Managing Editor
CRIDERSVILLE — With tree limbs and branches strewn throughout yards, roofs torn off of buildings and broken shards of glass on the sidewalk, Cridersville Mayor Lorali Myers walks down the center of the street conversing with residents as she makes her way to the Cridersville Fire Department — the command center after a unconfirmed tornado ripped through the village.
“We will be OK just as long as nobody is hurt,” Myers says assuring one resident along West Main Street as she walks with a quickened pace. “Everyone seems to be OK and that is good.”
As she passes Cridersville Village Council member Stacy Cook, she offers a few consoling words about Cook’s parents, Janice and Ned Myers.
“Tell your parents I’m thinking of them,” the mayor says. “I heard the ceiling in their house came down on them. Tell them I’m praying for them.”
At 5:15 p.m. Wednesday, Myers declared the village in a state of emergency and informed state officials of the declaration after meeting for approximately 30 minutes with Police Chief John Drake and the Fire Chief Rick Miller as well as top county officials. Information initially sent to the state was the village had several buildings with structural damage, at least two members of the community injured and others requiring rescue services.
Auglaize County Emergency Management Agency Director Troy Anderson estimated winds reaching speeds of 85 mph with struck the area at approximately 3 p.m. He said radar images indicted tornadic activity with rotational winds.
He was to update state officials at the end of the day Wednesday.
Shannon Drake, a clerk at the village offices, said she heard the thunderstorm warning and looked out the window and saw really black clouds rolling into the village. After calling her children at her home to make sure they were safe, she peeked out the window again and saw trees blowing over and branches and leaves swirling in the wind.
“I could hardly see anything else but the branches and leaves and debris in a rotating wind,” Drake said. “It really looked like a scene from the movie ‘Twister.’ The front door of the building was making really strange sounds, too, so I positioned myself in a doorway between the office and the hall so I could look out the front door and the windows.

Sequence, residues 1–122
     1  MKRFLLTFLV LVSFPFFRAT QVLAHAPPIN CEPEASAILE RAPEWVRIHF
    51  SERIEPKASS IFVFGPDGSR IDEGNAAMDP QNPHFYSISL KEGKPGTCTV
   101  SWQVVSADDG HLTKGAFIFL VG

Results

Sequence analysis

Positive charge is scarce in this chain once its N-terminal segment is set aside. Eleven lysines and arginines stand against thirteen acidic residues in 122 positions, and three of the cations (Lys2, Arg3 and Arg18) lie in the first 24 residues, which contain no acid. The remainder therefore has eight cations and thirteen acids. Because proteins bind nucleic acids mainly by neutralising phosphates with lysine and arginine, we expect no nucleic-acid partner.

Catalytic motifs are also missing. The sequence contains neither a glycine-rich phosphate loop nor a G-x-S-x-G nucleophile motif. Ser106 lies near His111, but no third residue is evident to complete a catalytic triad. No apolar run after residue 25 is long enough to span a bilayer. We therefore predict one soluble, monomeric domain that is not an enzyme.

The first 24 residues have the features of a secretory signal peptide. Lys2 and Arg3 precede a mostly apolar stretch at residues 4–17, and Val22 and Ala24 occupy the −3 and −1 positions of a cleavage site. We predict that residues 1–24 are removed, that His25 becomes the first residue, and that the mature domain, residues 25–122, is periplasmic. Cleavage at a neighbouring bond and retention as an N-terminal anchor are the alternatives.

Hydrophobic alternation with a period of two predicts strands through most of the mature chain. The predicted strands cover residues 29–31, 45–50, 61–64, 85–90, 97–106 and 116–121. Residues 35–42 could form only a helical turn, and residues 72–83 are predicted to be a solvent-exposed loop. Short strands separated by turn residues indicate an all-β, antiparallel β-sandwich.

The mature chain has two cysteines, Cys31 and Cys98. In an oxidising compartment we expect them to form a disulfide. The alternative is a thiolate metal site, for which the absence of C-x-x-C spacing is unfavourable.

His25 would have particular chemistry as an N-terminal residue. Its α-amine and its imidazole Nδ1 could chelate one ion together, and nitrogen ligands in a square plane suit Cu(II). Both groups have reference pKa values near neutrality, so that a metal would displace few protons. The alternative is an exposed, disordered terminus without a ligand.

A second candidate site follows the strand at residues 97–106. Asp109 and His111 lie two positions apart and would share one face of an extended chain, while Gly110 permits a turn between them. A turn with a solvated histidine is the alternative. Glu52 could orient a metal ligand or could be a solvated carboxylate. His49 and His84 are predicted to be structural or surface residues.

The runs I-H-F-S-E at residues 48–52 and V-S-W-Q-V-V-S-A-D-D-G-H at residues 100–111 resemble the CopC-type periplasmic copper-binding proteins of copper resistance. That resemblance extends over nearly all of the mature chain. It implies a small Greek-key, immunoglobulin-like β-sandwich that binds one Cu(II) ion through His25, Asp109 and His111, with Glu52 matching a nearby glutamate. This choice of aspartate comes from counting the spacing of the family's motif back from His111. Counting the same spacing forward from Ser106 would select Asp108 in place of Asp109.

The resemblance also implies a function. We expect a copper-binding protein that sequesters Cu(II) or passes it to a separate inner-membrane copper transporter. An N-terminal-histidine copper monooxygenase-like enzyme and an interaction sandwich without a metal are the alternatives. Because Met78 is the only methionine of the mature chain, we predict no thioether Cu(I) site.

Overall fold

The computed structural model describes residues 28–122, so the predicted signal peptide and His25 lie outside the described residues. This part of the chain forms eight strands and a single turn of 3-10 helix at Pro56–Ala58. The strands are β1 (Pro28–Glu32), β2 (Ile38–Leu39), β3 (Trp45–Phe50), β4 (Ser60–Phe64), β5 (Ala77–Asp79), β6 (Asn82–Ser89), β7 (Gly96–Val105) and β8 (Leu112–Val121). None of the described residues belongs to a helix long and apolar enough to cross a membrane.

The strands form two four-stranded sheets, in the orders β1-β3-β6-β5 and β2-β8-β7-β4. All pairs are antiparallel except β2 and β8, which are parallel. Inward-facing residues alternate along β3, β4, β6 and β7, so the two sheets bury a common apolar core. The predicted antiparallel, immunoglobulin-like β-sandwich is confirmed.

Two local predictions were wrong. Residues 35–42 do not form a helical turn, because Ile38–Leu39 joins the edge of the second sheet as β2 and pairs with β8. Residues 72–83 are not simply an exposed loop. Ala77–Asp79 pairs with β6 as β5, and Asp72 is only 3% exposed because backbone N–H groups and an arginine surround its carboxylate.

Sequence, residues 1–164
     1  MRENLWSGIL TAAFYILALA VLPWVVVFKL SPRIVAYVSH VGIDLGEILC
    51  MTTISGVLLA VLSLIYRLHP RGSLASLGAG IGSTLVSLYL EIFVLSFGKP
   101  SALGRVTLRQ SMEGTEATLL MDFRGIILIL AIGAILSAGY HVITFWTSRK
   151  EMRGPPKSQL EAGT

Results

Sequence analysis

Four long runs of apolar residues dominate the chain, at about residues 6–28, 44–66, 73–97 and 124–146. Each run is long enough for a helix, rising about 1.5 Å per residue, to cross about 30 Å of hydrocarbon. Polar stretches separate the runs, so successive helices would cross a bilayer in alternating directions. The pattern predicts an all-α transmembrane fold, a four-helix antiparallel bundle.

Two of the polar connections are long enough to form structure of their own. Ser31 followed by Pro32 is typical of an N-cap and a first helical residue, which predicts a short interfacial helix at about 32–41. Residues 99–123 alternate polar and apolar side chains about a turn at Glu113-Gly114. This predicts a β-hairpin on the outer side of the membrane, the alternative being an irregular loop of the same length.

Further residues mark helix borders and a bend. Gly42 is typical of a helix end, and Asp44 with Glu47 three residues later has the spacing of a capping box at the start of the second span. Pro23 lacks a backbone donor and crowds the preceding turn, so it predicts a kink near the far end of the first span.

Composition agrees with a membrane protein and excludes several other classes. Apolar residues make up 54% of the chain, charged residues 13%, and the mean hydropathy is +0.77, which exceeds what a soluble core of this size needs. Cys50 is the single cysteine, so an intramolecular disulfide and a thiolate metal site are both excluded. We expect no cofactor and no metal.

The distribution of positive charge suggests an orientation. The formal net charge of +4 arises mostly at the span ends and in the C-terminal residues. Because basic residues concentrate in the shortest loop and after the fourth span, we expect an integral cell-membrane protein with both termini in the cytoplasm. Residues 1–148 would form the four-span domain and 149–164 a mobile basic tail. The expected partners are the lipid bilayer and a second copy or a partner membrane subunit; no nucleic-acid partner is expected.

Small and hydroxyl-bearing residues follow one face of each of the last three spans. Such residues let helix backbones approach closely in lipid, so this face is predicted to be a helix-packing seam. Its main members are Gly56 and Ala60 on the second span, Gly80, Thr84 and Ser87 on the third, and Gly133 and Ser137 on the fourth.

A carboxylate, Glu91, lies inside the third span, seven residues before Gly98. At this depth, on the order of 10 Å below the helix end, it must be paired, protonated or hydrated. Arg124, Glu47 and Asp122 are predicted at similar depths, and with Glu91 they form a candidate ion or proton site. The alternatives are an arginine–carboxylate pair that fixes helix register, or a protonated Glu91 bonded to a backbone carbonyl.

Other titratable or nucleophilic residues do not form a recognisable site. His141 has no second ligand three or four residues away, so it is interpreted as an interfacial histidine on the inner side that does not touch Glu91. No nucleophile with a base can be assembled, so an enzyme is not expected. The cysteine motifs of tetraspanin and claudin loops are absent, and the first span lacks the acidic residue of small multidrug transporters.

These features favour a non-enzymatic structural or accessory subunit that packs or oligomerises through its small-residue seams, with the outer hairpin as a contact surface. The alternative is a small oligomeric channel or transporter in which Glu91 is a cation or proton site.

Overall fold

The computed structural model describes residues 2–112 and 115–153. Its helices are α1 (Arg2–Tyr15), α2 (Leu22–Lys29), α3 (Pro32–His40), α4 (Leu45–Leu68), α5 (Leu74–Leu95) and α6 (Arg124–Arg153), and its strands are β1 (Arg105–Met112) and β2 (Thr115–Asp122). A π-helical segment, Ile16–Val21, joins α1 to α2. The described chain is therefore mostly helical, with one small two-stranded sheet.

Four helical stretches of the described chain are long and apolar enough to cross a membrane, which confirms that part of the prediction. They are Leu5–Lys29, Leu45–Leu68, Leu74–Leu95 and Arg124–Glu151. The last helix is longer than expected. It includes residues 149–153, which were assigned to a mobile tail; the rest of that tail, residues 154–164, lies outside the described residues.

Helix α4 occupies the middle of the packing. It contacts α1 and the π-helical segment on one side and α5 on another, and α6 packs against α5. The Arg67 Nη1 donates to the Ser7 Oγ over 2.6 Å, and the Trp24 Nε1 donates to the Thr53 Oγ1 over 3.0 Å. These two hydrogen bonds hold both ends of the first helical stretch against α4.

“I then saw the tree limbs on the Myers’ house and I called the police chief to check on them right away.”
Police Chief John Drake said he learned of the thunderstorm warning at 2:15 p.m., which was to last until 2:45 p.m.
“I think it was about 2:50 p.m. when it got real dark, got a little windy and the rain came in real heavy and then at 2:54 I received a call from the clerk that there were trees down across the street from the office at the Myers’,” John Drake said. “In a matter of about 4 minutes, the storm just came through and hammered us with heavy rain and heavy winds. There was a lot of lightning initially and then that stopped and the winds picked up even more.
“We did have an injury — the postman actually got picked up and thrown across the street and he ended being transported by Uniopolis Rescue Squad from Carlisle and Main,” he said, noting the injuries may included some broken bones. “The roof collapsed here at 121 West Main Street (Janice and Ned Myers’ house) and actually the two residents were in a room sitting there and we had to dig them out. We literally cleaned up all the insulation and broke up the ceiling drywall to get them out.”
Wapakoneta Daily News circulation manager Cotie Ibarra was completing a delivery route when he helped the Cridersville couple out of the house after the roof had fell on top of them.
“I just ran into the house and helped lift the roof off of them,” Ibarra said.
Several pieces of insulation had to be tore out before Ibarra, two neighbors, and a Cridersville police officer could get to the couple.
“We got in there and helped them, and then just kind of started running house to house checking on people,” Ibarra said. “It was just crazy.”
Ibarra said he helped Janice Myers get to her walker and another man helped Ned Myers as they guided them to another part of the house that was safe.
“The lady just kept asking where her dogs were,” Ibarra said. “We were able to find two of them. It was crazy.”
Much of the damage from the winds or tornado was limited to a block or two to the north and south of Main Street and National Road.
At the west end of the village, a section of roof at Cridersville United Methodist Church was torn off and the steeple bent toward the east. Tenants to an apartment complex, west of the church, could not enter or leave as a tree fell across the entrance.
Two mobile homes were blown off their foundations in a trailer park south of Community Markets and natural gas lines ruptured.